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granted no quarter

To be offered no mercy, concession, or indulgence. We are at war with barbarians, soldier. You will be granted no quarter if you are taken captive; likewise, you shall grant them no quarter should you take them alive. This match determines if we're heading to the finals of the tournament, so make sure they are granted no quarter!
See also: grant, quarter

be taken for granted

1. To be considered innately true, real, or correct; to be anticipated as always being available or at hand. The plenitude of our natural resources has been taken for granted by people for most of human history. I guess we had taken for granted that our kids would stick around this town and take care of us when we get older.
2. To be underestimated or undervalued; to not be properly appreciated or recognized. I've decided to go out and start my own business, because I'm sick of being taken for granted in this huge corporation.
See also: grant, taken

grant someone no quarter

 and give someone no quarter
Fig. not to allow someone any mercy or indulgence. (Originally meant to refuse to imprison and simply to kill one's prisoner.) The professor was harsh on lazy students. During class, he granted them no quarter.
See also: grant, quarter

grant something to someone

to give or award something to someone. The foundation granted a large sum of money to Jane for her research. They granted an award to Kelly.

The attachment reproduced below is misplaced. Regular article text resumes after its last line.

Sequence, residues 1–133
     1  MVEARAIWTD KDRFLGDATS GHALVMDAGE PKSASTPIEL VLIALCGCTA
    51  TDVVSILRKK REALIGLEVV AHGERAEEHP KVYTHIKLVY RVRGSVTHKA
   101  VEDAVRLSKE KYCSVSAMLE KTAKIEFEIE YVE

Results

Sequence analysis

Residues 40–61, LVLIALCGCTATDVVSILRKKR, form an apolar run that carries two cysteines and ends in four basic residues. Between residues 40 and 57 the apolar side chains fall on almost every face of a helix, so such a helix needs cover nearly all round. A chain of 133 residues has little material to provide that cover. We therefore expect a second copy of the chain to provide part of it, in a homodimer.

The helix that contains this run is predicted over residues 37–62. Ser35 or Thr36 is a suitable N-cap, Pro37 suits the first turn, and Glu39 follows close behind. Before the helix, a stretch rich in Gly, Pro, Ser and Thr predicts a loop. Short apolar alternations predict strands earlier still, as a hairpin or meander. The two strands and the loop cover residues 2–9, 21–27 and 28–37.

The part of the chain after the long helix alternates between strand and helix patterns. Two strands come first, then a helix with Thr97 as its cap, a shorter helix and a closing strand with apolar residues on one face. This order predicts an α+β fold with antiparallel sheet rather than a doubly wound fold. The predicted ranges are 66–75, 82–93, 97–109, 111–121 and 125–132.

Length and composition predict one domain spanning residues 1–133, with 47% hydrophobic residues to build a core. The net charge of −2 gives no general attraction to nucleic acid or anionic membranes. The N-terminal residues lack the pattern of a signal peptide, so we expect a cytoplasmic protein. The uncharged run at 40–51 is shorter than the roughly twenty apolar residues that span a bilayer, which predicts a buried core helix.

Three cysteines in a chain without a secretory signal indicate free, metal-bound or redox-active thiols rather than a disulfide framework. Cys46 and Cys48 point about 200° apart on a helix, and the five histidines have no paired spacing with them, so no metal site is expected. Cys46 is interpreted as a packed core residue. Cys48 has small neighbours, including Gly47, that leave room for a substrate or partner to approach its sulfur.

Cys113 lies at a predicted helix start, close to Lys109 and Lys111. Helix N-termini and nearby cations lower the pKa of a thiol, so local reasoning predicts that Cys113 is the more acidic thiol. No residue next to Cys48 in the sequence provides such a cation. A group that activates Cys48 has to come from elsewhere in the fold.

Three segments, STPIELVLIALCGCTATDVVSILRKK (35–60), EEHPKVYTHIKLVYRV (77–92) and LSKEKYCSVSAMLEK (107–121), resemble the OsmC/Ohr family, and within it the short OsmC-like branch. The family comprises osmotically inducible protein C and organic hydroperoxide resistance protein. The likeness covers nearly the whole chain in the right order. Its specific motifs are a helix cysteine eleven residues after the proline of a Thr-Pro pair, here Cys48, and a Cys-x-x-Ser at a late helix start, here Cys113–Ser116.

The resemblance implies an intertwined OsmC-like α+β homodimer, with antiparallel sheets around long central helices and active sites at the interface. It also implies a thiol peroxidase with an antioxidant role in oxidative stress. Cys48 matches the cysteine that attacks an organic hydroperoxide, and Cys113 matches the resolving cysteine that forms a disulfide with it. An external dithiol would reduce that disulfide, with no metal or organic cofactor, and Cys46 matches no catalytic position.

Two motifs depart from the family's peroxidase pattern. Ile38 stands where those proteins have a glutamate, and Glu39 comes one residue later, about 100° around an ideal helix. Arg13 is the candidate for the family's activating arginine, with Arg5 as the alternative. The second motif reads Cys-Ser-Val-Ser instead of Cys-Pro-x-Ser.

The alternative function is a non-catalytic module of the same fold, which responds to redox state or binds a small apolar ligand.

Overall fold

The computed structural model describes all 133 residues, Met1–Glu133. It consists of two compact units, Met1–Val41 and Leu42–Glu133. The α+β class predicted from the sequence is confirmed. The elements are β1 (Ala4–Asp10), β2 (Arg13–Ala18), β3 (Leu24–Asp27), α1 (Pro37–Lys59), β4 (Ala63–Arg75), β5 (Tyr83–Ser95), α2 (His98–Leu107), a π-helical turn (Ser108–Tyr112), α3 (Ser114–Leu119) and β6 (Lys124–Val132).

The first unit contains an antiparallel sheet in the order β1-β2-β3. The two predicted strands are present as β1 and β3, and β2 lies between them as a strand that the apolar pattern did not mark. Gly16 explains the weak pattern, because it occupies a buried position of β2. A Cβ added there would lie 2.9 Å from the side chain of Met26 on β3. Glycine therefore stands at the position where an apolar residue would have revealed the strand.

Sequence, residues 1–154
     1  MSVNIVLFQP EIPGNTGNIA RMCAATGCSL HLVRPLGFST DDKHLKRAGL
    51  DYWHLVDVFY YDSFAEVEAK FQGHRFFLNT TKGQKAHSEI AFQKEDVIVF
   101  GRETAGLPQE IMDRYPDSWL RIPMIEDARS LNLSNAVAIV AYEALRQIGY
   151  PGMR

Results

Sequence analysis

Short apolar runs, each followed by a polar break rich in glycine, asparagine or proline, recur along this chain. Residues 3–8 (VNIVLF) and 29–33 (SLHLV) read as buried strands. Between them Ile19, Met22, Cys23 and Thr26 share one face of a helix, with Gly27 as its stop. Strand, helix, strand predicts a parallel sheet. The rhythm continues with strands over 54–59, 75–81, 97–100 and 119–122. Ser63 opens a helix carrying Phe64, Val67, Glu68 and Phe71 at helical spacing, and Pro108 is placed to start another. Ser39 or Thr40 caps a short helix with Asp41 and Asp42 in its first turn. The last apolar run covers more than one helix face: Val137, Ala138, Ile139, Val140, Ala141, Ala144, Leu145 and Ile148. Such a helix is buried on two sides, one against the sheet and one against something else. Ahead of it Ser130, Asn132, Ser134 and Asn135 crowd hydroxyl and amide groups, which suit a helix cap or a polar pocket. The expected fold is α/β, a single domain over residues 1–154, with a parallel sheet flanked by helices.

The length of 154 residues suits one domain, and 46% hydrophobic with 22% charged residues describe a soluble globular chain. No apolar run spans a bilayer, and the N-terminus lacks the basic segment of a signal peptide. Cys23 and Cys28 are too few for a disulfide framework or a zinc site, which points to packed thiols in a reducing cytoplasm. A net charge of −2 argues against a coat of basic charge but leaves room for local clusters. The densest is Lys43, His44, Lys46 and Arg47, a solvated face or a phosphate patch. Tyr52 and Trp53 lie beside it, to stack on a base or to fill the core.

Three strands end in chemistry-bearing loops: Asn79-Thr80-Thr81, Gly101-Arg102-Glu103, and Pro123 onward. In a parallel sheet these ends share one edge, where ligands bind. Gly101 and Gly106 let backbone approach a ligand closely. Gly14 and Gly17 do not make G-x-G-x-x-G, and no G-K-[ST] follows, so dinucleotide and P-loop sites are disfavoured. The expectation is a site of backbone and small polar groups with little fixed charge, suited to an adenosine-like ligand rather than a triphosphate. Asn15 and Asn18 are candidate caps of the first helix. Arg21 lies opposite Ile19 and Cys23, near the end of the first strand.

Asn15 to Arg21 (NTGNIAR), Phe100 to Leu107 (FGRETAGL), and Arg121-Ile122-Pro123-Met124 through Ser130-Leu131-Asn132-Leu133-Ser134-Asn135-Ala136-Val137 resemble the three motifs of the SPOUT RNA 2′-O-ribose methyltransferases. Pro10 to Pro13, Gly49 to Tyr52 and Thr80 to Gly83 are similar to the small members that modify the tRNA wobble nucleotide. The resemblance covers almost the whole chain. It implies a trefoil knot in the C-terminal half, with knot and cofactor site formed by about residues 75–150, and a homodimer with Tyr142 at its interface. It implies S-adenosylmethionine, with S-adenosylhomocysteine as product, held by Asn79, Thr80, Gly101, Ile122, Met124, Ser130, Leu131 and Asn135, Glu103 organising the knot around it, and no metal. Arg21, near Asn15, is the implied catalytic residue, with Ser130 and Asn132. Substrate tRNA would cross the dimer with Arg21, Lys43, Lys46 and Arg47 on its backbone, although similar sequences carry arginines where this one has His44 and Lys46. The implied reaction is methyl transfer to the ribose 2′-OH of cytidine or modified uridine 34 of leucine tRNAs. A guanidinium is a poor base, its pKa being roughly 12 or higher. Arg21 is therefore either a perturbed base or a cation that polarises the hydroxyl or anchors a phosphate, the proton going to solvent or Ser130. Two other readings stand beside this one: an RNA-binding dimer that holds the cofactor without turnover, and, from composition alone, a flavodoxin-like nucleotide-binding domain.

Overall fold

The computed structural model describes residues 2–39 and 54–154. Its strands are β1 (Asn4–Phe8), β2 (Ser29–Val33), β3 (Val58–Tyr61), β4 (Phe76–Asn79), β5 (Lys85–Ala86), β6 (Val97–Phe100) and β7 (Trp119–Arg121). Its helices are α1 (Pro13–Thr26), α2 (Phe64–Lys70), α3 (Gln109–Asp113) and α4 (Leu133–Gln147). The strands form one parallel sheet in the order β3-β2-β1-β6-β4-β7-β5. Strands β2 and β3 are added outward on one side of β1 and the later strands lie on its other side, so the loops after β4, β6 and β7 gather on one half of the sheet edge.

See also: grant

take someone or something for granted

to expect someone or something to be always available to serve in some way without thanks or recognition; to value someone or something too lightly. I wish you didn't take me for granted. I guess that I take a lot of things for granted.
See also: grant, take

not take anything for granted

to question everything, including what is usually accepted as true He did not take his luck for granted and worked constantly to be an even better dancer.
Usage notes: also used in the form take nothing for granted: The president took nothing for granted and worked hard to gain the support of Congress.
Opposite of: take something for granted
See also: anything, grant, not, take

take somebody for granted

to fail to appreciate someone When your own children are growing up, you tend to take them for granted, and then, suddenly, they are grown up. Politicians seem to take voters for granted, except when they face a serious challenge.
Usage notes: usually said about someone who is not appreciated because you think they will always be available
See also: grant, take

take something for granted

1. to fail to appreciate the value of something So many of us take clean water for granted.
2. to accept something as true without questioning or testing it We take it for granted that our children will be better off than we are. Opposite of: not take anything for granted
See also: grant, take

take it for granted

to believe that something is true without first thinking about it or making sure that it is true (usually + that ) I'd always seen them together and just took it for granted that they were married.
See also: grant, take

take somebody for granted

to not show that you are grateful to someone for helping you or that you are happy they are with you, often because they have helped you or been with you so often One of the problems with relationships is that after a while you begin to take each other for granted.
See also: grant, take

take something for granted